Finding Time to Write
K. Trap Jones
The first thing people ask me when they find out that I write is: When do you find the time?
Of course, the answer differs between writers, but for me, I write late at night. I have a full time career, a wife and three sons. I simply cannot write during the day. There are too many real life situations and the time is not there. I coach my youngest son’s soccer team and coach my middle son’s baseball team. Real life will always be more important than my writing hobby. I’ve been writing for about 6 years and have been blessed with the ability to balance my hobby with everything else.
I have a weird process with writing which reflects directly with the time. I will not write a single word until I conceive the entire story within my head. As soon as I can reach the ending, that’s when I begin writing the story. Regardless of whether it is a short story or a novel, I think through the chapters to make sure I have a complete story in mind. This helps me with the flow of writing. Every night, I am able to bust out a few thousand words or so because the story is already there and I’m not making it up as I go. With short stories, it takes me one night to write one then I use the next night to self-edit before I sub it. With novels, I find I need at least three weeks of “thinking” about the story and three additional weeks to write it down. I let it sit for a week before reading through for flow, consistency, and basic edits before sending to the publisher. It’s a crazy method, but for some odd reason, it works for me. Right now, I am currently writing my seventh novel and “thinking” about my eighth. By the time I’m done writing, I will immediately start the next.
I always thought that writing at night adds to the creepy factor of horror. When everyone else is in bed, all the lights are off and there’s music blaring in my ears… that’s where my writing begins. One Bad Fur Day was conceived over a time period of two weeks and written within three weeks. When I find the story fun to write, the process speeds up. After finishing up a night’s writing session, the next day’s chapters will be thought about during the day until the moon rises and I fire up the laptop. Since OBFD is a journey type of story, I always enjoyed thinking about the next interaction or environment Sid had to go to next in order to find the clues to his missing wife, Sally.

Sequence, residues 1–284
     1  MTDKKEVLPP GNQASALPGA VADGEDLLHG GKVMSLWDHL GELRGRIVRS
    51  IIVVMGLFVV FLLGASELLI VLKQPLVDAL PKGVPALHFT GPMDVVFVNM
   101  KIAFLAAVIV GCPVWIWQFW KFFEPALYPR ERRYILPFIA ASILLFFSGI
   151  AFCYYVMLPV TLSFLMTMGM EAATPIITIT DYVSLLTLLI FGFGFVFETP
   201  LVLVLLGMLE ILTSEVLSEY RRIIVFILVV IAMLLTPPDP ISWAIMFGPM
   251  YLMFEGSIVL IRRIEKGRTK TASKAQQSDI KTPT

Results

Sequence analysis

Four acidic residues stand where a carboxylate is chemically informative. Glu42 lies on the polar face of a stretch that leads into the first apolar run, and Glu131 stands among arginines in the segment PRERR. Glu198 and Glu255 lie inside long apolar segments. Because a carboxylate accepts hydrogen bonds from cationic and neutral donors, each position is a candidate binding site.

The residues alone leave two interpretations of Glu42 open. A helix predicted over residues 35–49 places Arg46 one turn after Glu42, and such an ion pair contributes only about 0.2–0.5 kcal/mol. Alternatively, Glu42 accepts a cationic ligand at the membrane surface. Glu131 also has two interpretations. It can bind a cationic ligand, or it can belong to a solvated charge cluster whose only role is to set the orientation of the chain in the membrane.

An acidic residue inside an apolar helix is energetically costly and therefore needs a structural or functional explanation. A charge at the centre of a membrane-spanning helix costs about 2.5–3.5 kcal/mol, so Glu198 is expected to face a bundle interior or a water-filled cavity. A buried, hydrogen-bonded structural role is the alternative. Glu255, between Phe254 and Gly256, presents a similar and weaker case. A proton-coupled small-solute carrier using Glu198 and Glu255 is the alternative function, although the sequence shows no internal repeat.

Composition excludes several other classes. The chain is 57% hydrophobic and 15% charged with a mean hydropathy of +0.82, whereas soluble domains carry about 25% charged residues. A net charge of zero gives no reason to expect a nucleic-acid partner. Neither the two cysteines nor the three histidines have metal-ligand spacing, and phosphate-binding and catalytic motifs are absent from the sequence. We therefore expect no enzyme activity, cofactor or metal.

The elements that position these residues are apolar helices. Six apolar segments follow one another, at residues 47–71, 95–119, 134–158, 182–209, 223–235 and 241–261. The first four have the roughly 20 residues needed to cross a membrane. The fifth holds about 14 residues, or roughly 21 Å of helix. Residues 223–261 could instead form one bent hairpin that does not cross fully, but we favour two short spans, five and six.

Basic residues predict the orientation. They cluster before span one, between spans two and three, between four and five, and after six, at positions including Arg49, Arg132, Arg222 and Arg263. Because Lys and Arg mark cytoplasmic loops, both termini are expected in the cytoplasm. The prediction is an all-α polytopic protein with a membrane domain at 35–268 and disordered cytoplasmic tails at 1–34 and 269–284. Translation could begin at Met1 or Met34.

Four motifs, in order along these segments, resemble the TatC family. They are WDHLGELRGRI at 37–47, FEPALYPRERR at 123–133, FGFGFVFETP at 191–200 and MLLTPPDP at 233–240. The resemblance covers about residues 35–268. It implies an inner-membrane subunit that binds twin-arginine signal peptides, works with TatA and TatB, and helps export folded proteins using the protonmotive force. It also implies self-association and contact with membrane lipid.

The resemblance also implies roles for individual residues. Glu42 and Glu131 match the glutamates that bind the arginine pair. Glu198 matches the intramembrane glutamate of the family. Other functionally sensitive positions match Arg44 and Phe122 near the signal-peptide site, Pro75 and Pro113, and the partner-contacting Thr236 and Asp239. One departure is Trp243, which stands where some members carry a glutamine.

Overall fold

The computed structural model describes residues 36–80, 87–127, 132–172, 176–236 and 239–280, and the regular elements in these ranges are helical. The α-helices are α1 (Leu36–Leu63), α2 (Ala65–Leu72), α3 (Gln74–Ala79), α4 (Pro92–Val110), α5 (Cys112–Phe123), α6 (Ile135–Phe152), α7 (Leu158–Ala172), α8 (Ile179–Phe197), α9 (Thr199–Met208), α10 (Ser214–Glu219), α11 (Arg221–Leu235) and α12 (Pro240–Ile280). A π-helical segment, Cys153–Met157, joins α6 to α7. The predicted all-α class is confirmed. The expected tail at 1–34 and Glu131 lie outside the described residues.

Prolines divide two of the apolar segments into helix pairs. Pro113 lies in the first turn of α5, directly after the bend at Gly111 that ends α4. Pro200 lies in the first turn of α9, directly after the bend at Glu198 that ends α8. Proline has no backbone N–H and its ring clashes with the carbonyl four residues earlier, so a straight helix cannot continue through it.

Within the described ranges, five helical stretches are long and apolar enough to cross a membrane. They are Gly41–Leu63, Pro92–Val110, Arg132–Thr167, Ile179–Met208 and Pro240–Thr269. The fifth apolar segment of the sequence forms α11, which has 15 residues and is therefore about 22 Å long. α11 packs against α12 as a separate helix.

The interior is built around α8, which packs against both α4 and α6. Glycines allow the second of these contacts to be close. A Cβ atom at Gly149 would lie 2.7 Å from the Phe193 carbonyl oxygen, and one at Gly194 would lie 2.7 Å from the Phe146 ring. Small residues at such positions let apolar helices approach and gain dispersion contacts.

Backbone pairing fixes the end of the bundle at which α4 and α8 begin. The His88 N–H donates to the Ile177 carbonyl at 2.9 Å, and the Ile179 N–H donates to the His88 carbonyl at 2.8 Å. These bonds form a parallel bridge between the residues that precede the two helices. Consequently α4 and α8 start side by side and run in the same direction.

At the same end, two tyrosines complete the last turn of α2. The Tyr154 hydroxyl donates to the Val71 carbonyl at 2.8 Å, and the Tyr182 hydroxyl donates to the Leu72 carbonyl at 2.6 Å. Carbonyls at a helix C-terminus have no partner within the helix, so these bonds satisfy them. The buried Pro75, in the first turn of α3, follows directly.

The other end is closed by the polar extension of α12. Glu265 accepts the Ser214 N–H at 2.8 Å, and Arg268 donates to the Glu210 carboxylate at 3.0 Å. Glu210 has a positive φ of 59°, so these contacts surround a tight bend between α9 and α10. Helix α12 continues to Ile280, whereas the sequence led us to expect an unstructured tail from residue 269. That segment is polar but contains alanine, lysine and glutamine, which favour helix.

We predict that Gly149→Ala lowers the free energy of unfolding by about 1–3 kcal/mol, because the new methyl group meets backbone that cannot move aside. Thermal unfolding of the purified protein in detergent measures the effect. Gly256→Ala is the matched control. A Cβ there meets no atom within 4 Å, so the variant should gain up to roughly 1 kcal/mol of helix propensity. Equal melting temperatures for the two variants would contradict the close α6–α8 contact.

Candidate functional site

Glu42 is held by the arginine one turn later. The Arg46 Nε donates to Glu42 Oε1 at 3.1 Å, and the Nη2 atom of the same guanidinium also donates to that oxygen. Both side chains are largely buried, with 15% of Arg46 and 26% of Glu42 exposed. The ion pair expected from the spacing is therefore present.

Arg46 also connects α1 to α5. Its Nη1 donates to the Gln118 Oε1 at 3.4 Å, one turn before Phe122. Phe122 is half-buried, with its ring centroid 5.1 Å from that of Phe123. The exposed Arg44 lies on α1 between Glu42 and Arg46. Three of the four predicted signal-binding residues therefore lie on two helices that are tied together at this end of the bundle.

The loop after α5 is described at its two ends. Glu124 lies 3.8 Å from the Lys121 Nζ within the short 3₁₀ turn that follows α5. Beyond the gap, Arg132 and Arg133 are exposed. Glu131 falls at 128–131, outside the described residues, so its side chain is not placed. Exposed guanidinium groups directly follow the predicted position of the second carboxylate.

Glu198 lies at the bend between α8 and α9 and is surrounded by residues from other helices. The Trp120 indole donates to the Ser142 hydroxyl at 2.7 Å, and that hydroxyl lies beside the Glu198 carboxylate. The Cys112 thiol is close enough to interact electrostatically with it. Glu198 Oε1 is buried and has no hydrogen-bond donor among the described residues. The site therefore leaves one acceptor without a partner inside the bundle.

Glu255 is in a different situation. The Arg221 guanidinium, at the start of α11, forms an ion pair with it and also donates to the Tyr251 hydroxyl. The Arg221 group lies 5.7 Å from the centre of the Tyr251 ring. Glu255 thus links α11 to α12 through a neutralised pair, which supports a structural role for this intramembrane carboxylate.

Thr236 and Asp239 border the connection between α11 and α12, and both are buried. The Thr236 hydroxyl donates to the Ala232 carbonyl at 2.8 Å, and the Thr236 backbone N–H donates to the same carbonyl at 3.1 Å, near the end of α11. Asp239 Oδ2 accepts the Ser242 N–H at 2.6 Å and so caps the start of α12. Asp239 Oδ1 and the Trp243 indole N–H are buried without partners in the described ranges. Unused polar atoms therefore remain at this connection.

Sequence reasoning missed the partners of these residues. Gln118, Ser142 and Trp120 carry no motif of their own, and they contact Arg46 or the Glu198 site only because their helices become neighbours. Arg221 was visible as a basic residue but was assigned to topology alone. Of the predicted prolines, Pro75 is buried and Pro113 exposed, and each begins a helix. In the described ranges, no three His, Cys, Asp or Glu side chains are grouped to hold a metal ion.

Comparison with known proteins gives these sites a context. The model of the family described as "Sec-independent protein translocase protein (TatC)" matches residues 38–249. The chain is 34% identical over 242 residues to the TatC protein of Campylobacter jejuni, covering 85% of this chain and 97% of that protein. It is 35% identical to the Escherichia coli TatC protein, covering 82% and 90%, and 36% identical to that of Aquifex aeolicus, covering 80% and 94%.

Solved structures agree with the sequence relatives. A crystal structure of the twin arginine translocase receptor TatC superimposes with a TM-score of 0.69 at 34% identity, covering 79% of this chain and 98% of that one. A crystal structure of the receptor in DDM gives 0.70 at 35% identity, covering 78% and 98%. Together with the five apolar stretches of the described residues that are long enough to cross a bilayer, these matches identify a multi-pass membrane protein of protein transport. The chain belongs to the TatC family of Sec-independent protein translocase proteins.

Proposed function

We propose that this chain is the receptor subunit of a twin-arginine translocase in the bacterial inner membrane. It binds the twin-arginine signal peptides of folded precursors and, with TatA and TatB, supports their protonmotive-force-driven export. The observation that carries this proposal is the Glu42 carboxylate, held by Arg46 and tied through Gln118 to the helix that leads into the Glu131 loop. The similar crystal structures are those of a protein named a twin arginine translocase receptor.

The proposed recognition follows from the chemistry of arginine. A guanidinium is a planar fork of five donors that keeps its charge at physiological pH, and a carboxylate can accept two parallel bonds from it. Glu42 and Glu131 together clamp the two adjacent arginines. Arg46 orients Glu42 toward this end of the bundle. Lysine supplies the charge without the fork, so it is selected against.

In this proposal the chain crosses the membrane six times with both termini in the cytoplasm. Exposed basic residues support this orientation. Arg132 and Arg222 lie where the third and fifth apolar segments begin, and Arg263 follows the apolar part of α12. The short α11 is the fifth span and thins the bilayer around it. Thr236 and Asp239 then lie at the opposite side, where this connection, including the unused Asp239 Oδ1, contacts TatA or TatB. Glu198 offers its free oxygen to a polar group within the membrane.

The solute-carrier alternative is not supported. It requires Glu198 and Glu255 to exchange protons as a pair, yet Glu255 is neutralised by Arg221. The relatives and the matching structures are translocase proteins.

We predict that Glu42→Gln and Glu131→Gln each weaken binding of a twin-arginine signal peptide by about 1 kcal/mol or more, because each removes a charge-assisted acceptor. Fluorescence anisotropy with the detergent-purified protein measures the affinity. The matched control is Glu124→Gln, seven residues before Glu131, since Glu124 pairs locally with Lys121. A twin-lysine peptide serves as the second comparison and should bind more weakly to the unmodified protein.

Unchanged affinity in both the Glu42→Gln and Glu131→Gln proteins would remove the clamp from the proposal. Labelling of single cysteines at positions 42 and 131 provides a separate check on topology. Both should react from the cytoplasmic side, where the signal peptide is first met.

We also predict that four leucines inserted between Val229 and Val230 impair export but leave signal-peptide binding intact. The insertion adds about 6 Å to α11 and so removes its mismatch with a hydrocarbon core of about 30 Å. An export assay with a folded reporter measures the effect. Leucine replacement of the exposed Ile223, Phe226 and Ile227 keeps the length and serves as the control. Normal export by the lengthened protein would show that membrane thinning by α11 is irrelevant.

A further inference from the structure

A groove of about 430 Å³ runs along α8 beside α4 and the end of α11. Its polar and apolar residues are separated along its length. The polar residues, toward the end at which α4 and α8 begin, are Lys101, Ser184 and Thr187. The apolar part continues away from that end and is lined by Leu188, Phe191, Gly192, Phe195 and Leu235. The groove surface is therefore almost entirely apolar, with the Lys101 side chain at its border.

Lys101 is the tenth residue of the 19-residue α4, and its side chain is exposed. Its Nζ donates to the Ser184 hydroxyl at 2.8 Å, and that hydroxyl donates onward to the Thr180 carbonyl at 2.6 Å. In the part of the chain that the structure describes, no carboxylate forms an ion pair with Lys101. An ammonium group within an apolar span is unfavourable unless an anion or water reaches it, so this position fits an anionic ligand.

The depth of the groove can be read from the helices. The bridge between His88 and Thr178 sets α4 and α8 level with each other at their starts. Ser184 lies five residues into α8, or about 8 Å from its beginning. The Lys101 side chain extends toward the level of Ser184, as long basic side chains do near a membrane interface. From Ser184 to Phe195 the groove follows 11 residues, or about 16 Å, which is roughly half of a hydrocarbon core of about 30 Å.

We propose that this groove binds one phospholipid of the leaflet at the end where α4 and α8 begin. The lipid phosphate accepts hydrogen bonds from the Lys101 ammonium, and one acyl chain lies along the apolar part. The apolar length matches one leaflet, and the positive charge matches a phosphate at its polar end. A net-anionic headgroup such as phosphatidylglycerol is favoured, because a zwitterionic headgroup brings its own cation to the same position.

One Bad Fur Day
Call it odd, call it off-beat, call it fantasy; but don’t think for a moment that One Bad Fur Day is anything other than a suspense driven horror ride that blurs the lines between harsh reality and brutal imagery…
As Hurricane Katrina barrels through the Louisiana bayous, the animal population is forced to deal with the tumultuous upheaval of their world. Sheriff Sid and his wife are caught completely off-guard by the natural disaster unfolding around them as they battle not only the turbulent winds and flooding waters, but heinous acts committed by other creatures inhabiting the backwaters. Following a brutal assault on his wife, Sid is forced to fight off voodoo-priestess snakes, a junkyard raccoon, deceitful badgers, and a band of roving power-hungry alligators. While clinging to his tenuous hold as sheriff, Sid must find a way to recapture what is rightfully his and exact his revenge.
- Trap Jones does a fantastic job of pairing the genuine horror of a natural disaster with a story of deceit, betrayal and vengeance that pulls you in and forces the reader to identify with Sid as he journeys through the darkest reaches of the bayous, facing deadly encounters, on One Bad Fur Day!
One Bad Fur Day is available at:
Barnes & Noble (Print & eBook)
ABOUT THE AUTHOR – K. Trap Jones is an author of horror novels and over 50 short stories. With inspiration from Dante Alighieri and Edgar Allan Poe, he has a temptation towards narrative folklore, classic literary works and obscure segments within society.
His novel THE SINNER (Blood Bound Books) won the 2010 Royal Palm Literary Award. His splatterpunk novella, THE DRUNKEN EXORCIST has been released by Necro Publications. His narrative horror short story collection, THE CROSSROADS is available from Hazardous Press.
He is also a member of the Horror Writer’s Association and can be found lurking around Tampa, Florida.